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Big four bank breaks rank on broker channel growth

by Francesca Krakue4 minute read

The lender yesterday announced a profit of $2.6 billion, which it said was driven by “strong proprietary channel performance”.

In a trading update to the ASX, the Commonwealth Bank (CBA) announced a statutory net profit of approximately $2.6 billion for the quarter ended 31 March.

The bank said the result was supported by income growth, cost discipline and sound credit quality.

In home lending, CBA explained that growth “continued to be underpinned by strong proprietary channel performance”.


CBA’s comments on its proprietary channel come after NAB’s new half-year results showed that it was brokers that made good headway for NAB during the period, writing 7.8 per cent of loans in New Zealand and 32.5 per cent of mortgages in Australia (up from 31.3 per cent the year prior). Meanwhile, the share of home loans coming through the direct channel fell from 68.7 per cent to 67.5 per cent.

Further, NAB’s broker mortgage volumes for Australia rose by nearly 10 per cent on the prior corresponding period. According to the major bank’s half year results, $92.5 billion of home loans in Australia came through the broker channel, up from $82.8 billion in the half year to March 2016.

Similarly, the proportion of new home loans written by brokers for ANZ increased by 5 per cent year-on-year according to the major bank’s half-yearly results. The bank said that 55 per cent of its new Australian home loans came through the broker channel in the first half of the financial year 2017, up from 50 per cent in the same period the year before.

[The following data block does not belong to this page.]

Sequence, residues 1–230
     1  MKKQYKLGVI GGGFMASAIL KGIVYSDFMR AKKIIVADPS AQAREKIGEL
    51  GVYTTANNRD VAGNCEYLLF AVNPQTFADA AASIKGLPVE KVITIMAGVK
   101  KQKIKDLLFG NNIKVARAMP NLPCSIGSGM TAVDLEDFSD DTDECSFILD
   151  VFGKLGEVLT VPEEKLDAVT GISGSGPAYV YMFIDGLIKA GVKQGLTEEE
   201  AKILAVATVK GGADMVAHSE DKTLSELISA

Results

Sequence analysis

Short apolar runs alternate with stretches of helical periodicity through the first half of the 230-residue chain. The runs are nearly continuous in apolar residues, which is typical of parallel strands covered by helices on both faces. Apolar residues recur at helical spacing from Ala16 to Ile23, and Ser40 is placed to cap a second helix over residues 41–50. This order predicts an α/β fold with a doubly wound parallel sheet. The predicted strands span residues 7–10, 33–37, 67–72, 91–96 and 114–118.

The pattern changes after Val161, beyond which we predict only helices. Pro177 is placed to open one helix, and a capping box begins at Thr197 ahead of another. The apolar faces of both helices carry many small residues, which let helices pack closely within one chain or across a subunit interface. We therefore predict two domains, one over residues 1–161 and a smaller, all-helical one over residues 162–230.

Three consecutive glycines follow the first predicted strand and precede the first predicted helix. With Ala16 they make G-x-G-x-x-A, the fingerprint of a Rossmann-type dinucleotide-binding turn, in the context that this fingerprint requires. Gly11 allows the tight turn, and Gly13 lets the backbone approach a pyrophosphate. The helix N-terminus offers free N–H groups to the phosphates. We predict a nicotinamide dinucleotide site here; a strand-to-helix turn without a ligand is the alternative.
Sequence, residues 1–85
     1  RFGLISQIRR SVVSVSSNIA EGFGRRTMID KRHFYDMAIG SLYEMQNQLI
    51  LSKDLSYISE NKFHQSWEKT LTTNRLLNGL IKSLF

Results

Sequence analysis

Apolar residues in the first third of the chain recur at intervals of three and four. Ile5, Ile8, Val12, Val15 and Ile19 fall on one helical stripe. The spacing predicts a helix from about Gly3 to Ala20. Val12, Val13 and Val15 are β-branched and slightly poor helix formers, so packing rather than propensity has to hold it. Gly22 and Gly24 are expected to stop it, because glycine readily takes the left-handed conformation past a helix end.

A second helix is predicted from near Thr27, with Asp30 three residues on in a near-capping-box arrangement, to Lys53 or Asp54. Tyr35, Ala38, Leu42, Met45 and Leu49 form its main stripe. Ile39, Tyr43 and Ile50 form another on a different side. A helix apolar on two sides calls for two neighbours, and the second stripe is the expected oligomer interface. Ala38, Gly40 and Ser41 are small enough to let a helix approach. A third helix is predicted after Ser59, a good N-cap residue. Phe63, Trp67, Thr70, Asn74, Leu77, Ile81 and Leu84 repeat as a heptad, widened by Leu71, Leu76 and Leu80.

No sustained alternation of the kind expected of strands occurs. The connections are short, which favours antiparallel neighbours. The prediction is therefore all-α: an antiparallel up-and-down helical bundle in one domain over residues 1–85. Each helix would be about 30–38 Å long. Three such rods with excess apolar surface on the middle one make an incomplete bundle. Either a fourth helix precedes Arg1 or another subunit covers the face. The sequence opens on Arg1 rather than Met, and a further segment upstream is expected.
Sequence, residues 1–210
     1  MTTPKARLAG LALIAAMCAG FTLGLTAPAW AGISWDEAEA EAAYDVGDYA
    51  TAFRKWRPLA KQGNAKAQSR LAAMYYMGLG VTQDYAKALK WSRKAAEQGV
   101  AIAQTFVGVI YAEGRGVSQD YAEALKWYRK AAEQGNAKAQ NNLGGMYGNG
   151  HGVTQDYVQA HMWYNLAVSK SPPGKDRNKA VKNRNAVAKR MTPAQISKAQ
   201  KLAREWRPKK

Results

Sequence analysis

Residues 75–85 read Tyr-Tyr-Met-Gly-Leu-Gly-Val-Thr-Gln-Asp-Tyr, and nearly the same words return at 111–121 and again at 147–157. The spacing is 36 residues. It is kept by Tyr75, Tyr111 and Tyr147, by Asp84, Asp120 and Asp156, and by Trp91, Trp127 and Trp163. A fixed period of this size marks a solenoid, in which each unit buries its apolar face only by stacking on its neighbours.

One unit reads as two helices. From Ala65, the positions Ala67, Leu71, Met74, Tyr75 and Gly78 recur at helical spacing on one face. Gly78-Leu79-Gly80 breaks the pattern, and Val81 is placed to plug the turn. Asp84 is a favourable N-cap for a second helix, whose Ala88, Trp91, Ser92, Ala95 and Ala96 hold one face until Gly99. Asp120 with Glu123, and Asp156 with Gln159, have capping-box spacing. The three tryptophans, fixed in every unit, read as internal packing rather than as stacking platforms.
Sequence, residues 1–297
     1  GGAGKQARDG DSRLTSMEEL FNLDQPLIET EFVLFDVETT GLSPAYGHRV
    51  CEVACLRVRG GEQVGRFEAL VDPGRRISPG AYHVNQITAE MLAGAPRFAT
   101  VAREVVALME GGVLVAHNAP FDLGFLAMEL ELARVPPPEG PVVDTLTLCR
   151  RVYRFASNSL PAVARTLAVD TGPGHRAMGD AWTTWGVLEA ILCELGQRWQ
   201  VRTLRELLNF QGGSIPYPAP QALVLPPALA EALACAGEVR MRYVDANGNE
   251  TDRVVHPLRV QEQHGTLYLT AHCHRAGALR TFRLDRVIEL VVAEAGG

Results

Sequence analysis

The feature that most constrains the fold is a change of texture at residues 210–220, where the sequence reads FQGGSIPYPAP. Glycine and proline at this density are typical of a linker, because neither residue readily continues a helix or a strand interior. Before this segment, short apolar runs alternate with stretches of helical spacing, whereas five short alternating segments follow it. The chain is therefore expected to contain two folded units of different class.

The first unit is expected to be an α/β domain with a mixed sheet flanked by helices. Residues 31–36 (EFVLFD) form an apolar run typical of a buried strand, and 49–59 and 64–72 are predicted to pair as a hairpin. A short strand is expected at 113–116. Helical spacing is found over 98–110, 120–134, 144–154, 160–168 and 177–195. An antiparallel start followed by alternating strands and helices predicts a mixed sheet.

ANZ has previously told The Adviser that it has been "really impressed" with how brokers engage with their customers and lenders, with Simone Tilley, ANZ's head of retail broker distribution, stating that “customers are choosing with their feet, and [ANZ therefore] needs to drive an exceptional BDM, broker and customer experience”.

In yesterday’s trading update, CBA also pointed out that during the March quarter, investment lending reduced as a proportion of total new lending in its home lending portfolio.

“New interest-only lending is being closely managed, consistent with regulatory guidance,” it said.

It was a similar story for NAB; owner-occupiers accounted for 57.7 per cent of mortgages in Australia, with investor home loans down marginally to 42.3 per cent (from 42.9 per cent last year).

In terms of the mortgage make up in Australia for ANZ, its recently released half-year results showed 62 per cent of the loan book was for owner-occupiers (or 67 per cent of flow for the half), while 34 per cent was for investors.

[Related: Major bank’s broker-originated loans jump]



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